Recently I have been experimenting with a Chinese solder fume extractor and was interested in using a commonly available BLDC cooling fan to build a close replica of that pretty cute gizmo. Since I have just refilled my analog components drawer with a large collection of discrete parts it would seem sensible to use far-famed NAND Schmitt Trigger IC to control the fume extractor fan. I encourage you to try this little project and stay tuned as it has some further design revisions that add features over and above the basic design I have implemented!
Okay, now I will show you how to make a small solder fume extractor to keep the air in your workbench fresh when soldering. This is the schematic diagram (v1) of the simple solder smoke extractor:
As you can see here, at the heart of this circuit is a quite popular Quad 2-Input NAND Schmitt Trigger IC – the CD4093BE (IC1). In this circuit, first gate (IC1A) of IC1 forms a low-frequency PWM generator as wells as alters the duty cycle as you turn the shaft/knob of the 100K potentiometer (P1) thus varying the speed of the BLDC cooling fan connected to the socket J2 (12VDC FAN). Actually, the potentiometer is used to vary the charge-discharge cycle of the 100nF timing capacitor (C2). Needless to say, this circuit can be used as a simple PWM controller for 12VDC cooling fans and common motors up to several amperes, depending on the transistor chosen for the fan driver transistor T1 (TIP41C).
The second gate of IC1 (IC1B) is wired as a buffer to drive the final driver transistor T1, while inputs of its remaining two gates (IC1C & IC1 D) as they’re not in use at this time. Anyway, you can ungrounded them both for making a parallel connection with the second gate (IC1B) to boost the drive current level. Further Pin 1 of the IC1 can be used as an external enable input – this is a common practice, hence hardly needs any explanation!
The circuit is designed to be powered by a 12VDC switch mode power supply (12V SMPS) capable of catering at least 500mA current through its output. If you want your final model really portable, then you can use a 1S or 2S Li-ion or LiPo battery together with a suitable dc-dc boost converter module (and a charger module) as the built-in power source.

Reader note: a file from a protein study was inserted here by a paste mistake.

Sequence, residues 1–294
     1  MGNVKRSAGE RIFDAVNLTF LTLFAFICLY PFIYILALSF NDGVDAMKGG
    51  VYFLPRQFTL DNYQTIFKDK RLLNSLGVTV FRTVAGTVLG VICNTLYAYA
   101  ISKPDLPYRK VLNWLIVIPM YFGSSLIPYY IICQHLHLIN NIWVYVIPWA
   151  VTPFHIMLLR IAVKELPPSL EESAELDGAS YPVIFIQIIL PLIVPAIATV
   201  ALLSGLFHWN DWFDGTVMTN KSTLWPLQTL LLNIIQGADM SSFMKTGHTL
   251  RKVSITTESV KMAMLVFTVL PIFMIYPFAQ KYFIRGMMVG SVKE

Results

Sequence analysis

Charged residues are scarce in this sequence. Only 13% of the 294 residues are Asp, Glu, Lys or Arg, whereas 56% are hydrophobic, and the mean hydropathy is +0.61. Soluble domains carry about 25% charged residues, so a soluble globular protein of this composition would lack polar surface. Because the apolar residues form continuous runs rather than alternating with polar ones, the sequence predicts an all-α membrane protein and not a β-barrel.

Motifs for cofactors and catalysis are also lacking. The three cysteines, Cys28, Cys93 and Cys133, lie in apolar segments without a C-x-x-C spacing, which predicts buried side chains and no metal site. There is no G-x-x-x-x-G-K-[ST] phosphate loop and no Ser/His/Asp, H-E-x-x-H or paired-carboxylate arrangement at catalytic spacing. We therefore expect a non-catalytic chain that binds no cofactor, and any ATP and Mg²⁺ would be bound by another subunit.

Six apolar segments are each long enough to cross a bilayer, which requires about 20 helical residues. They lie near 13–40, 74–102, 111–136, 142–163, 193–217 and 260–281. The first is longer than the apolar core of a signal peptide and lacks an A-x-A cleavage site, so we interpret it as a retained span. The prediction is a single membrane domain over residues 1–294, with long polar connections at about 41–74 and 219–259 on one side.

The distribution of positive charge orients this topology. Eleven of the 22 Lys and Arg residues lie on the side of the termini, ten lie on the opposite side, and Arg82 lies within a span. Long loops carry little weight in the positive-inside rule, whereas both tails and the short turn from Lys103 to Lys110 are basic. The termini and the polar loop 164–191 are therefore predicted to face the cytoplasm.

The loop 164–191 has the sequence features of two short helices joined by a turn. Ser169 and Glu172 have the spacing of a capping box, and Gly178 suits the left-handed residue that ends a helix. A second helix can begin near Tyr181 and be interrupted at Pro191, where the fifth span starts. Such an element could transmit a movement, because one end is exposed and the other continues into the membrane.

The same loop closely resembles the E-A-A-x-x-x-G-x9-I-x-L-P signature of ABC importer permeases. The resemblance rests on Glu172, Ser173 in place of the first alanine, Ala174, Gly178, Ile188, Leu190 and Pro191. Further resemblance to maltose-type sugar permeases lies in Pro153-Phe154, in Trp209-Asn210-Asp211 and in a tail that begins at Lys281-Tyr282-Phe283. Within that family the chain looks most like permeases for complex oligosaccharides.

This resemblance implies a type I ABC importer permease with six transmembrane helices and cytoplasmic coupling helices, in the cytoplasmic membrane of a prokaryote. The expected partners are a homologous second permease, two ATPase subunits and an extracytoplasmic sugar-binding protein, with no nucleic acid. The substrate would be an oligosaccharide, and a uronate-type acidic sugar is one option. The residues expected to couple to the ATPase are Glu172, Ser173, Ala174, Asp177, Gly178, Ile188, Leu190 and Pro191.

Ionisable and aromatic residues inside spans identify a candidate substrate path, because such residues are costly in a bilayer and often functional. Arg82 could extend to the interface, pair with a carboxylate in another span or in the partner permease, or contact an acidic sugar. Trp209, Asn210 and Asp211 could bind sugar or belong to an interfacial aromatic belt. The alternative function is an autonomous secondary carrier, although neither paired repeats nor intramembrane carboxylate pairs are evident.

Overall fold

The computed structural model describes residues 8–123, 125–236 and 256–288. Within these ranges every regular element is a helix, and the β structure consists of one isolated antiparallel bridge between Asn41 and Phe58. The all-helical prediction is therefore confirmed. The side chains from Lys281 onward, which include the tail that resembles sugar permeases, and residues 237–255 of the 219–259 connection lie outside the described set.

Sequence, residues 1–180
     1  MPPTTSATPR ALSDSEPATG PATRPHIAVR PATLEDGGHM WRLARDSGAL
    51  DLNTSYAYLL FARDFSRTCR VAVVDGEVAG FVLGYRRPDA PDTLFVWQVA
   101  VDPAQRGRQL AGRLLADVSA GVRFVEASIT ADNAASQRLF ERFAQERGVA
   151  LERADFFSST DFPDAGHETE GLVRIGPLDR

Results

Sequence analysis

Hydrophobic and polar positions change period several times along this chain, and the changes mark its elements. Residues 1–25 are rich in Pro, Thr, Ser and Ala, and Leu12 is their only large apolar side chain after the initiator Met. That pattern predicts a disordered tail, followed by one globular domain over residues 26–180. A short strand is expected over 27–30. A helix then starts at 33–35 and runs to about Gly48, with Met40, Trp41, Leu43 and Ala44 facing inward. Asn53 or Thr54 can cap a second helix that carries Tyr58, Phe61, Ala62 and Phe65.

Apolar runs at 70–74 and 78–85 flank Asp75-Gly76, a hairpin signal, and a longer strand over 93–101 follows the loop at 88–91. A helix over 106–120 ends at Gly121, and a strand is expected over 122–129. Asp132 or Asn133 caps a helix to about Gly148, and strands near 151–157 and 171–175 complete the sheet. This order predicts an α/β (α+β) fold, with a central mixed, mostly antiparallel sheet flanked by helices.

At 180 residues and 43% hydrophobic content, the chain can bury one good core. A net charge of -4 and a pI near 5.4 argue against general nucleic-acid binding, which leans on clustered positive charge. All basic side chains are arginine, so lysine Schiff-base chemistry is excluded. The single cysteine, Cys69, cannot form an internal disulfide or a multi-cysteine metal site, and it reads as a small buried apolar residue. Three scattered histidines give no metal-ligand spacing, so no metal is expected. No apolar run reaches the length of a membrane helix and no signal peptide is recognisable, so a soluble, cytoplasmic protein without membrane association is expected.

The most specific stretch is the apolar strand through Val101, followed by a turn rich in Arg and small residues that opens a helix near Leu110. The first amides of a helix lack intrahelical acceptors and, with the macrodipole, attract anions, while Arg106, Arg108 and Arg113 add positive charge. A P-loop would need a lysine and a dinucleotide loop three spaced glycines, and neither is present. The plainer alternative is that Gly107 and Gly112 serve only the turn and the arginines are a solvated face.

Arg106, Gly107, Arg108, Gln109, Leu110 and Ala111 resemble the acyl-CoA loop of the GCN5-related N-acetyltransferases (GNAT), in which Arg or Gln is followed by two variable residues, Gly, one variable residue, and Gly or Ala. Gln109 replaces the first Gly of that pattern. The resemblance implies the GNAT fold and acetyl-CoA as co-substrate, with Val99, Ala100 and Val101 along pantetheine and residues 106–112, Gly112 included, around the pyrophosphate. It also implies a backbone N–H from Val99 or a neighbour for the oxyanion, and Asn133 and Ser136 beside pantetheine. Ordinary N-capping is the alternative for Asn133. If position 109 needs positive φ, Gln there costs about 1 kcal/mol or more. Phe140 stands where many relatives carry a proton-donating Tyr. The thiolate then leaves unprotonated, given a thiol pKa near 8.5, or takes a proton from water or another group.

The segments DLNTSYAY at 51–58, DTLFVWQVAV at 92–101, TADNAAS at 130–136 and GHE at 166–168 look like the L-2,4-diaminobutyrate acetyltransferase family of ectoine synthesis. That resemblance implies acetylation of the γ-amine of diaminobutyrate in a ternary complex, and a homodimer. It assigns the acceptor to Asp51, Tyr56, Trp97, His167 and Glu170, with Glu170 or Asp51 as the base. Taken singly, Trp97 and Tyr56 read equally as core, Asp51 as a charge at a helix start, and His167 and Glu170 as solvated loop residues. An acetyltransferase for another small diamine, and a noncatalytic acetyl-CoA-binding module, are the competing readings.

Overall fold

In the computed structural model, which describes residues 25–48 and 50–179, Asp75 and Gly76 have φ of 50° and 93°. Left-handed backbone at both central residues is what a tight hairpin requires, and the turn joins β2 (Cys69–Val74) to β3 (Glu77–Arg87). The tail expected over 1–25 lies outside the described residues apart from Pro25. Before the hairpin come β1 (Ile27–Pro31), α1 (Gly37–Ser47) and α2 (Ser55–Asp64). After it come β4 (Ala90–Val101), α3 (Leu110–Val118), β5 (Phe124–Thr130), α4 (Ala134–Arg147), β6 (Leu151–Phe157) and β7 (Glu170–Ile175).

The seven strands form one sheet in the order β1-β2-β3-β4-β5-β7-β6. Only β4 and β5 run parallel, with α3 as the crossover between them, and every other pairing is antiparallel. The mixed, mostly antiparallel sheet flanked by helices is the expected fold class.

The 12V 80mm x 80mm cooling fan is a type commonly used in desktop computer cabinets and power supply units. I just bought a cheapo fan and a pair of fan grills from an Amazon seller. The fan has only two wires (red and black) for positive and negative 12VDC input.
Frankly, my cooling fan is beautiful but not particularly powerful, so I have installed it close to the solder smoke to function well.
Likewise, I really don’t think the mighty TIP41C transistor is necessary for this circuit, but I opted it as the fan driver just because I have a bunch of them on hand at that time (maximum current consumption of my cooling fan is well under 180mA only). So, you can try any other appropriate driver transistor, if you know what you are doing.
Tech & Shop Links
- CD4093BE Datasheet https://www.ti.com/lit/ds/symlink/cd4093b.pdf
- TIP41C Datasheet https://www.st.com/resource/en/datasheet/tip41c.pdf
- PC Cooling Fan Seller https://www.amazon.in/Electronic-spices-Cooling-Cooler-Radiator/dp/B081NQ4RPG
- 12V SMPS Seller https://robu.in/product/hlk-5m12-12v-5w-switch-power-supply-module/
- 12V SMPS Datasheet https://robu.in/wp-content/uploads/2020/02/5W-series-power-module-V2.3.pdf
As usual, I tested my concept quickly by assembling the core circuit on a standard breadboard and used my oscilloscope for quick evaluation.
This is a casual waveform captured by the oscilloscope when it’s probed to Pin 4 of IC1:
And, this is what I got when hooked the scope to Pin 1 of IC1 (ac-coupled random probing):
Then I completed the overall wiring and tested the working of my entire breadboard build successfully. Please note that the 100uF capacitor (C3) is the buffer/smoothing capacitor I had to add to the circuit at the end of the construct. It may not be absolutely essential depending on your power supply and cooling fan, but it is probably a good idea to include it for good measure. Moreover, setting the oscillator frequency as high as practical will minimize the audible fan noise.
Also note that every fan motors have a typical start voltage, and it’s observed that a duty cycle of under 35% would reduce the average voltage below my test fan’s start voltage. However, once the fan is spinning, we can utilise the PWM function to vary the fan speed from minimum to maximum in a nearly smooth manner.
Now to a bit of useful theory! Actually, how does this oscillator circuit works?
In the below circuit, when N1 output is High, the capacitor C1 charges through resistor R1, and when C1 voltage reaches the positive trigger threshold, N1 output inverts & falls to Low. Now C1 discharges through R1, and when C1 voltage reaches the negative trigger threshold, N1 output inverts and rises to High. This process repeats to generate a 50% duty cycle square wave output.
By separating the charge & discharge paths with resistors and diodes, we can easily alter the duty cycle. Besides, replacing those resistors with a single potentiometer, we can then setup an adjustable (continuously variable) duty cycle astable multivibrator. Yes, you are good to go with just a single Logic NOT gate (https://www.electronics-tutorials.ws/logic/logic_4.html)!
Talking aboveboard, I have actually made two versions of this project – the first is the one presented here (prepared just to quickly learn how the circuit works on a breadboard). The other is a more practical automatic version with a proximity sensor and a homemade nifty wooden box. And, it has a stacked carbon filter consists of foam and activated carbon, which is ideal for absorbing toxins (https://www.amazon.com/Extractor-Replacement-Activated-Absorber-Xytronic/dp/B07D5SBPN8).
And that’s it. Watch this space often to see the sequel of this project!